Review 2030: Shifting Alberta Post Secondary Education

By Lee Easton (2021-02-07)

Since taking on the role of MRFA President, I have become increasingly concerned about the Alberta government’s Review 2030, which seeks to transform Alberta post-secondary education (PSE) into a sector wholly focused on delivering “skills for jobs.”

The Minister of Advanced Education likes to say Review 2030 is the biggest public consultation about PSE in Alberta’s history. From my vantage point, I see a badly organized process  obsessed with secrecy that culminated with the summary dismissal of its flagship Guiding Coalition when it didn’t like what it heard.

Review 2030 certainly has the patina of collaboration but really it is a necessary cover for the government’s determination to place Alberta PSE firmly under its control. The government has not wavered from its plan to make all PSE into a R&D/job training adjunct to industry.[1]  I worry that Review 2030’s skills focus will change Alberta PSE in ways that are detrimental to our students, to our university and ultimately to our working conditions.

What are the big issues?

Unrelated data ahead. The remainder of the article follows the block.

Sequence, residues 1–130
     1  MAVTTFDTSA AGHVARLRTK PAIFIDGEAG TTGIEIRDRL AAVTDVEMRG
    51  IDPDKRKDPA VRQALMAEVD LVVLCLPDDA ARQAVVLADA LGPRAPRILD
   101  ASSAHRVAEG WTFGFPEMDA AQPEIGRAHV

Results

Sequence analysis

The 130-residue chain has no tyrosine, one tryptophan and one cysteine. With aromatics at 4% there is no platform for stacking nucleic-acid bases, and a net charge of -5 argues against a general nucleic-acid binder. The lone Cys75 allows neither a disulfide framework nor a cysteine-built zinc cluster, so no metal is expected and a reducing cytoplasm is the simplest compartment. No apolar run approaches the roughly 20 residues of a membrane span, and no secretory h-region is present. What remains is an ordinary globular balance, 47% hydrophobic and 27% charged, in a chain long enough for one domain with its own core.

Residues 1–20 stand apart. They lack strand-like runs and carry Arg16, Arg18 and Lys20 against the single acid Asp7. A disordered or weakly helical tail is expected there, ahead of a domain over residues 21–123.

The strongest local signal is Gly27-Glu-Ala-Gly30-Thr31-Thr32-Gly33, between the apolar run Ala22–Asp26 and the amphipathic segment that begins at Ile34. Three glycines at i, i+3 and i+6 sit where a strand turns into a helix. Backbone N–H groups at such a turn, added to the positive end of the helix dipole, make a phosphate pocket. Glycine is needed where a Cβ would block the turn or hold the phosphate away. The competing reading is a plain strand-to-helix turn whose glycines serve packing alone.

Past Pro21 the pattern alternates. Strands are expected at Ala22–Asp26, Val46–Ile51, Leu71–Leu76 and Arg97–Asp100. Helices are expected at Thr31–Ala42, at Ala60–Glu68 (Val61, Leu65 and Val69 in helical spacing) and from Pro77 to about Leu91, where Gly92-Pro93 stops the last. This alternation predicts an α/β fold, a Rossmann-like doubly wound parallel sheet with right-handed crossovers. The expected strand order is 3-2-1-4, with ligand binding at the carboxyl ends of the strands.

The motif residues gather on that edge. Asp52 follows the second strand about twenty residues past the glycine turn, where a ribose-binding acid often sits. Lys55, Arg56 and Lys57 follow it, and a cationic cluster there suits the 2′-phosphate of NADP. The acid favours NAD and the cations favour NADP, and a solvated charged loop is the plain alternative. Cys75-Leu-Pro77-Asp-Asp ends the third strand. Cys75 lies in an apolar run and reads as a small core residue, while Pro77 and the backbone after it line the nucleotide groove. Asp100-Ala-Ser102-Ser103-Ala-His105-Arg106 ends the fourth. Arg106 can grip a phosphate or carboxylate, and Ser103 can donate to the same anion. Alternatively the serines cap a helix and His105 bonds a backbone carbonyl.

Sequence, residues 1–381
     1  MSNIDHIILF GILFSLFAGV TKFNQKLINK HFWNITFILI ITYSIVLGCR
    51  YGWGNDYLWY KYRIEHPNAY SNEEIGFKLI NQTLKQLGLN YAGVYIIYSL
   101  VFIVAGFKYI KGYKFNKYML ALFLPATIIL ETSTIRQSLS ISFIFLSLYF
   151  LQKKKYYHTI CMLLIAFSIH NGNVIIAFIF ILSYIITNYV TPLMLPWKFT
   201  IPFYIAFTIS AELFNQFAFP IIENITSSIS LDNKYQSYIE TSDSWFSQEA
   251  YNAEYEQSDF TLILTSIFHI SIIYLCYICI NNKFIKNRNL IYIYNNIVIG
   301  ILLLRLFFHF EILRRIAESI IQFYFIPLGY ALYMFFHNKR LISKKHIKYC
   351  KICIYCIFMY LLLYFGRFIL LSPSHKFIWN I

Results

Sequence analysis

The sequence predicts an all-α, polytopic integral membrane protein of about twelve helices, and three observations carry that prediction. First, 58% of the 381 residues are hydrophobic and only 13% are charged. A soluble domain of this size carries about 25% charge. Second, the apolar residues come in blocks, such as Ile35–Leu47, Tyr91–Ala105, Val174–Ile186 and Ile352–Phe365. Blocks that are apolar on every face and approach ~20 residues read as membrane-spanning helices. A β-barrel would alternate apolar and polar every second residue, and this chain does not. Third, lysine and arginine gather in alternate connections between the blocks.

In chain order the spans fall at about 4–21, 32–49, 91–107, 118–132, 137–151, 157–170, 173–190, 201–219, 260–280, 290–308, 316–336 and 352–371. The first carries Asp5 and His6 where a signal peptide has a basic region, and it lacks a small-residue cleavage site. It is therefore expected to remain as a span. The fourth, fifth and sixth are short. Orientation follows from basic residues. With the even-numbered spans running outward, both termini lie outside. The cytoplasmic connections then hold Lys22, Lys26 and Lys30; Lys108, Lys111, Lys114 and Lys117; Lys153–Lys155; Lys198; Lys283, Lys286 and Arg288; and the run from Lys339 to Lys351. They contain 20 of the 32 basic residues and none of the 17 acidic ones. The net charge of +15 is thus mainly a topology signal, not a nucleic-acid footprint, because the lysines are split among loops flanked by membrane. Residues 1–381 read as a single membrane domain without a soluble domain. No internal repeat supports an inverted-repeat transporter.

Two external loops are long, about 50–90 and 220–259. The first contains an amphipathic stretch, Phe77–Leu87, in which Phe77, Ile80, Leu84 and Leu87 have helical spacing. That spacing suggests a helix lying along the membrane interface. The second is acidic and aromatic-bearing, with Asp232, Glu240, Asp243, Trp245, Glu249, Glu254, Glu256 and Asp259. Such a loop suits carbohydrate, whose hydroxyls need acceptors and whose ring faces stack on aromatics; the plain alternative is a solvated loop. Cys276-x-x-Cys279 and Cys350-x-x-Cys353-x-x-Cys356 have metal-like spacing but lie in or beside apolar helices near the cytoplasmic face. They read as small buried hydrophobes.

1) Governance has been a major topic in the 2030 Review process. The government had considered creating sectoral super boards to oversee colleges, universities and polytechnics. If implemented, super boards would profoundly reshape our relationship with the University as an employer and would have dramatic implications for bicameral governance.

In the face of fierce resistance from Presidents, Board Chairs, and students, however, the government appears to have abandoned its notion of sectoral super boards. That said, we should not relent on opposing this idea: the government has shown that even when they appear to step back from a decision, the retreat may be only superficial.

What kind of regulatory bodies will replace super boards in the government’s plan? It’s unclear but regardless the threat to bicameral governance and academic freedom remains ever present. The re-organization of academic Faculties at the University of Alberta, which proceeded by gutting the recommendations advocated by the University’s GFC is deeply concerning. That the University of Lethbridge’s offer to faculty includes a proposal to eliminate academic freedom “in the traditional sense” shows the real dangers that lie ahead.

2) Cost containment and reduction of duplication is another theme. The MacKinnon Report, which declared Alberta PSE had no direction and is more expensive compared with Ontario and BC, remains central to Review 2030’s working assumptions. Of course, Laurentian University’s move to creditor protection on 1 February underscores how Ontario’s cost advantage emerges from chronically underfunding its universities. Wages are often cited as the main cost driver in PSE: the fact is that Alberta faculty are NOT overpaid relative to other Canadian postsecondary institutions and certainly Mount Royal faculty are not among Alberta’s highest paid.